When I was a kid, boys (not girls, in those prehistoric times) dreamed of being the first man on the moon. Once Neil Armstrong took that one small step in 1969, the dream became superfluous. Boys, again, used to talk about growing up to be President of the United States. That’s a dream that’s still available but has surely lost a great deal of its luster. With the paradigm shift in the book industry and the proliferation of electronic words, I doubt that young writers are dreaming about writing the Great American Novel. Besides, it’s already been written—more than once.
According to Wikipedia, “the phrase [Great American Novel] derives from the title of an essay by American Civil War novelist John William DeForest, published in The Nation on January 9, 1868.” As an old English major, I know that much of American literature, even in the early 20th century, looked to English literature for its role models and heroes. Henry James is probably the best example of an American novelist inspired by Europe. His settings, his vision of society, and his leisurely, tortuous sentences evoked the Old World, not the vigorous frontier.
The Great American Novel had to be set in America as seen by Americans, not through the filter of British or European attitudes. Its American characters had to demonstrate American values: individualism, social and economic mobility, a robust egalitarianism. They had to tell stories that could only happen in America in some version of the American language.
Here’s my list of the novels I think deserve the title:
1. Huckleberry Finn by Mark Twain. The least debatable and still delightfully readable Great American Novel. Set in the heartland, with the Mississippi River as its central metaphor, it’s a great example of the always popular coming of age novel. It tackles the core American issues of freedom vs slavery and independence vs conformity. Furthermore, Mark Twain made brilliant use of the American language—more than most modern readers realize—by rendering the subtleties of local dialect at each point along the river as Huck’s raft floated down it. I read the book aloud to my son when he was 8, and it held up marvelously as a masterpiece of storytelling with suspense, compassion, and humor.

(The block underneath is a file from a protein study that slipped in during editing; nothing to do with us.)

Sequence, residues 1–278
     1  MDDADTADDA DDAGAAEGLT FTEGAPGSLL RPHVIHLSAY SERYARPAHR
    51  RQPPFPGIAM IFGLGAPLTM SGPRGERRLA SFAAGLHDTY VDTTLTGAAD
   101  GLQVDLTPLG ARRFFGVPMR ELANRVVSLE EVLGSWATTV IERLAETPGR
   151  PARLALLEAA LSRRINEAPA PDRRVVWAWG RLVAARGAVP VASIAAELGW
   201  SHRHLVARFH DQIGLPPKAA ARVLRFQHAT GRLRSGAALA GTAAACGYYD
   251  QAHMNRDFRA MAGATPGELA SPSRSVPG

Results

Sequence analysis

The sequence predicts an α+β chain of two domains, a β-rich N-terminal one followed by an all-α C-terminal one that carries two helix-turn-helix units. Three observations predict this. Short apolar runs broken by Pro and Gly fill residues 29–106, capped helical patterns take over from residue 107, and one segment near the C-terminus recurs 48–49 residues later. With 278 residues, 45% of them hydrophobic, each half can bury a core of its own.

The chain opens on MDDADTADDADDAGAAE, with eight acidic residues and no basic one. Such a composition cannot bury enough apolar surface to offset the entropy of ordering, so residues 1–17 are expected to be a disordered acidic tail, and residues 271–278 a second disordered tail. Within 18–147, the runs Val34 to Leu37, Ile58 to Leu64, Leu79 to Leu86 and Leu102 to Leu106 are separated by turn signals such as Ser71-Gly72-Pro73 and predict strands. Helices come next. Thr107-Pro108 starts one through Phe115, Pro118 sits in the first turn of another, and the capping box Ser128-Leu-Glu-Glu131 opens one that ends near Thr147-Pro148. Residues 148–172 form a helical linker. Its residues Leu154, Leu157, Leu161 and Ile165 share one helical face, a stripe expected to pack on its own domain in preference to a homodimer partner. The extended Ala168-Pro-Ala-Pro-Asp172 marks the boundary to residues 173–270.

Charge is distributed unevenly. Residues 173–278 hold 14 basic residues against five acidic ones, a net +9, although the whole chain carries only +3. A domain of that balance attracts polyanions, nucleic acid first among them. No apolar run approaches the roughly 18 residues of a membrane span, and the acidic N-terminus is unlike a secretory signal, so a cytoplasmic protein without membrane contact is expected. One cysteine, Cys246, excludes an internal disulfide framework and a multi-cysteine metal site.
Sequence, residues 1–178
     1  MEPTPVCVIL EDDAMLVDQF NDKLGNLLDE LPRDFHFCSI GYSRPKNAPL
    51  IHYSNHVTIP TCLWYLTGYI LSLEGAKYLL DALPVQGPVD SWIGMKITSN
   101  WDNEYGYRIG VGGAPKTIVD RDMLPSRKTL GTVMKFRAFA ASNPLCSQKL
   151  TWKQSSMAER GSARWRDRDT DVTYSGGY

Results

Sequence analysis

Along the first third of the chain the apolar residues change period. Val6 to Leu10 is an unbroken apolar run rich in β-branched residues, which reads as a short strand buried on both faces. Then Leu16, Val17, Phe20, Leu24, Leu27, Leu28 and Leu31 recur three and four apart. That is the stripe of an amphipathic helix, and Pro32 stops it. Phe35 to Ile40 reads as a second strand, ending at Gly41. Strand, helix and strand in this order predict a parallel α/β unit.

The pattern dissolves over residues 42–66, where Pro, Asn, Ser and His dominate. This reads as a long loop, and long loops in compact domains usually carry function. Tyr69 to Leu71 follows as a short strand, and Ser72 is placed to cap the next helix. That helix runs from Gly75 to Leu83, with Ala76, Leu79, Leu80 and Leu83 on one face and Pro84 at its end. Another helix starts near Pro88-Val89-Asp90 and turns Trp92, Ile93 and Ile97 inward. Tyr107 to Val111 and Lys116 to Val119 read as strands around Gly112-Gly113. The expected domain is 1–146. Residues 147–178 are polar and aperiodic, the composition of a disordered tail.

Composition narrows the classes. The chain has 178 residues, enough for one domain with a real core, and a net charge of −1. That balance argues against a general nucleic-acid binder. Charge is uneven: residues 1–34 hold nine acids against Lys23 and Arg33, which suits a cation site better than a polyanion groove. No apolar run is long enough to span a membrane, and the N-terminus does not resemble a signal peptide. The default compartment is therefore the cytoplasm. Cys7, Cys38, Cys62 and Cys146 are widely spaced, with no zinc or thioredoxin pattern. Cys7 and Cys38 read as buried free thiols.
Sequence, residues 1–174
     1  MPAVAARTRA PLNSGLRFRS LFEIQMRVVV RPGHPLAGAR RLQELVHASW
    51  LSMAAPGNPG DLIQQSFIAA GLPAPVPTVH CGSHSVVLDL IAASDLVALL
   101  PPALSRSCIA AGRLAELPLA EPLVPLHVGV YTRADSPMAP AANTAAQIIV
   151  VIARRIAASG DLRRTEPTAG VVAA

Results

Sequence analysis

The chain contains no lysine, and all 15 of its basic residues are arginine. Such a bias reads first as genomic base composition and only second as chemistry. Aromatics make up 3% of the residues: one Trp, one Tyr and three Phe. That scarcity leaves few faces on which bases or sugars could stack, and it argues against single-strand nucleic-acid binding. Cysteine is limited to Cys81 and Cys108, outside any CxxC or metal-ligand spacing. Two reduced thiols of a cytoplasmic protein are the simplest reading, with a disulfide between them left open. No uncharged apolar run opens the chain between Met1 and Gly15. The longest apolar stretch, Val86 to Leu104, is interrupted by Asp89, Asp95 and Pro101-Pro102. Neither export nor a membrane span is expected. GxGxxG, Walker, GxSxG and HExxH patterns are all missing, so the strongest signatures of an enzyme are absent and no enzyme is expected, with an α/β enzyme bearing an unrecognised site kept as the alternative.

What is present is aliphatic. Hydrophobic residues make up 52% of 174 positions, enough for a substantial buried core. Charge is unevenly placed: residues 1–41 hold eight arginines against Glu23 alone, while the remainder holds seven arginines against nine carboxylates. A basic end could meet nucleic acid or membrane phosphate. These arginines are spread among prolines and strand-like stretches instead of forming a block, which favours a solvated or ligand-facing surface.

2. Moby Dick by Herman Melville. The unreadable Great American Novel. It’s the mighty story of man against whale, in a ponderous poetry that some people might still tackle for pleasure, but tough going for most modern readers. I had to laugh when someone on DorothyL complained about mysteries that bore us by telling more than we want to know about fishing. Melville devoted hundreds of pages to how to catch, cut up, and cook the whale. He also gave us the ultimate vision of the New England whaler.
3. To Kill A Mockingbird by Harper Lee. The 20th century Great American Novel. It’s about secrets and justice and childhood (a girl’s, this time, though a sturdy tomboy of a girl) and race relations and small town life—American as apple pie.
4. Little Women by Louisa May Alcott. The unsung Great American Novel, my personal pick and the only one on my list that Wikipedia doesn’t mention in its article on the topic. I believe it’s disregarded because it’s for and about and read by girls and women. Yet the language is as fresh and everyday today as it was in 1868. It’s probably never been out of print, it’s been adapted many times for stage and screen, and I’m one of many thousands, perhaps millions, of women who know this beloved book practically by heart, who return to it time and again for another visit with the March girls, who still cry when Beth dies, and whom Jo inspired to become writers.
It’s probably a shame that there will be no more Great American Novels. Kathryn Stockett’s The Help would be a grand contender, but who can tell if people will still be reading it even half a century from now? And what about graphic novels? Are they meant to be cherished and reread or scrolled through and deleted? Would the first Superman comic book or the first Spiderman be a candidate for Great American Graphic Novel?
True confession: I was crying over one of Louisa May Alcott’s books on my Kindle in the subway the other day. (Okay, I’ll tell you which one: Rose in Bloom, the sequel to Eight Cousins. When I was a kid, we used to call it “the Jewish Alcott book.” Rosenblum—get it?) When I reached my stop, I sat down on one of the benches in the station to finish the chapter (which I’d read umpteen times before) before I went out into the sunshine and had to put away the Kindle. I bet some women readers can guess which chapter, too. Now, that’s what I call durable literature!